FSH_PROBEBUF - Check user address validity

This function provides the mechanism for performing validity checks on 
arbitrary pointers to data that users may pass in. 
Note:   FSDs must check on these pointers before using them. 
Calling Sequence   

int far pascal FSH_PROBEBUF(operation, pdata, cbData)

unsigned short operation;
char far * pData;
unsigned short cbData;

operation indicates whether read or write access is desired. 
operation ==  0 indicates read access is to be checked. 
operation ==  1 indicates write access is to be checked. 
All other values are reserved. 
pData is the starting address of user data. 
cbData is the length of user data. If cbData is 0, a length of 64K is 
If no error is detected, a zero error code is returned. If an error is 
detected, one of the following error codes is returned: 
indicates access to the indicated memory region is illegal (access to the 
data is inappropriate or the user transfer region is partially or 
completely inaccessible). 
Because users may pass in arbitrary pointers to data, FSDs must perform 
validity checks on these pointers before using them. Because OS/2 is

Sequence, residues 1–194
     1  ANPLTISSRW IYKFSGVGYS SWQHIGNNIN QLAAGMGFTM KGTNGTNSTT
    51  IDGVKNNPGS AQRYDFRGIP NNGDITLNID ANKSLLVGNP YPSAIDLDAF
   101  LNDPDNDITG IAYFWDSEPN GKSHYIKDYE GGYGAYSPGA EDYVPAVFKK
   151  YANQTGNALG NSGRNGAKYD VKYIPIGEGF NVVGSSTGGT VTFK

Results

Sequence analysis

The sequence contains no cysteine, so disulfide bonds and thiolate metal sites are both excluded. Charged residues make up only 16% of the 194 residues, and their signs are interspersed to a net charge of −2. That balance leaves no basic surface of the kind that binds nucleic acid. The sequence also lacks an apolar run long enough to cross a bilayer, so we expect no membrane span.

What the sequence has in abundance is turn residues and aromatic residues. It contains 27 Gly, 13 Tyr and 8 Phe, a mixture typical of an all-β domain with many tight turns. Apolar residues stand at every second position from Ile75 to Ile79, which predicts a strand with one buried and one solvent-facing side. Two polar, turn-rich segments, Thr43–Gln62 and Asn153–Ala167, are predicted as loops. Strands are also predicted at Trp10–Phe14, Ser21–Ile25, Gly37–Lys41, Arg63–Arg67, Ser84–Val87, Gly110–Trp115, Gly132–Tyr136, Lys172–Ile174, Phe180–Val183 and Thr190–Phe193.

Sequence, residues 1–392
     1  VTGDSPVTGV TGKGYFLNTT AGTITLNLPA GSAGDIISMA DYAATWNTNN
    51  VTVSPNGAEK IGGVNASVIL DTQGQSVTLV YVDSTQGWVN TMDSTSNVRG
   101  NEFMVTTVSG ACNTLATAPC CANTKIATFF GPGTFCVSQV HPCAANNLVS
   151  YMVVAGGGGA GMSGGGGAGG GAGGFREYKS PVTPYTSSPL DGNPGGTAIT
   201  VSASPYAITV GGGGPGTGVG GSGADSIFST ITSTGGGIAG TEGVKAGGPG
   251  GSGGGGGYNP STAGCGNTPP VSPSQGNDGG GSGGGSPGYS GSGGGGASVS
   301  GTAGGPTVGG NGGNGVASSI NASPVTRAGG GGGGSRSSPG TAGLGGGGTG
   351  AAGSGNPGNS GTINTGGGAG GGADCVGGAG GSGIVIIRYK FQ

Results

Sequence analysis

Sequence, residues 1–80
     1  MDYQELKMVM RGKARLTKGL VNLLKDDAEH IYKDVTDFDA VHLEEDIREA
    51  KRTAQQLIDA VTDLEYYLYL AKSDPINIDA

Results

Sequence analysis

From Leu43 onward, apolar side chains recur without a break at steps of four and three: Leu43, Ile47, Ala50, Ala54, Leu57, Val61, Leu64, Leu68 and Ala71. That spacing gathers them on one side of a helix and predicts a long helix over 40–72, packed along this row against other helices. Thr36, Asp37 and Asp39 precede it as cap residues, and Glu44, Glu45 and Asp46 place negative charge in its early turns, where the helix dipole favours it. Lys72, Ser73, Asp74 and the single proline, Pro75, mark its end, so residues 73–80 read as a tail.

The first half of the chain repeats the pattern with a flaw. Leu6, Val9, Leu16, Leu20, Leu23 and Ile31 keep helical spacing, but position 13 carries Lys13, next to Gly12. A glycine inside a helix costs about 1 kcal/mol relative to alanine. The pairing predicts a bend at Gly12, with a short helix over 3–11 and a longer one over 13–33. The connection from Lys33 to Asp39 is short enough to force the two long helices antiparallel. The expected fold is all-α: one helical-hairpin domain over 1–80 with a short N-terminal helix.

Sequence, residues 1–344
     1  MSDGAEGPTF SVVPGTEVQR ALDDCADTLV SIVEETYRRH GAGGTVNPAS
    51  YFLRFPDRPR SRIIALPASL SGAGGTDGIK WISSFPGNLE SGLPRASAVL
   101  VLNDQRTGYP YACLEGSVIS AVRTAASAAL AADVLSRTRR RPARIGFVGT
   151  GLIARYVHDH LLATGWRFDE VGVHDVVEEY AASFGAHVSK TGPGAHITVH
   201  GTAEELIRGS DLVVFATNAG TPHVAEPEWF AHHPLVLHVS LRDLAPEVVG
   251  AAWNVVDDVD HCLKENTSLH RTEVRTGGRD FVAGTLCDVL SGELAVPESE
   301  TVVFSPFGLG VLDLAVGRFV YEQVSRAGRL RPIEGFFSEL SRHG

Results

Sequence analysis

multi-threaded, the addressability of data returned by FSH_PROBEBUF is 
only valid until the FSD blocks. Blocking, either explicitly or implicitly 
allows other threads to run, possibly invalidating a user segment. 
FSH_PROBEBUF must, therefore, be reapplied after every block. 
FSH_PROBEBUF provides a convenient method to assure a user transfer 
address is valid and present in memory. Upon successful return, the user 
address may be treated as a far pointer and accessed up to the specified 
length without either blocking or faulting. This is guaranteed until the 
FSD returns or until the next block. 
If FSH_PROBEBUF detects a protection violation, the process is terminated 
as soon as possible. The OS/2 kernel kills the process once it has exited 
from the FSD. 
On 80386 processors, FSH_PROBEBUF ensures all touched pages are physically 
present in memory so the FSD will not suffer an implicit block due to a 
page fault. However, FSH_PROBEBUF does NOT guarantee the pages will be 
physically contiguous in memory because FSDs are not expected to do DMA. 
FSH_PROBEBUF may block. 
Note:   OS/2 does not validate input parameters. An FSD, therefore, should 
call FSH_PROBEBUF where appropriate. 

Created using Inf-PHP v.2 (c) 2003 Yuri Prokushev
Created using Inf-HTML v.0.9b (c) 1995 Peter Childs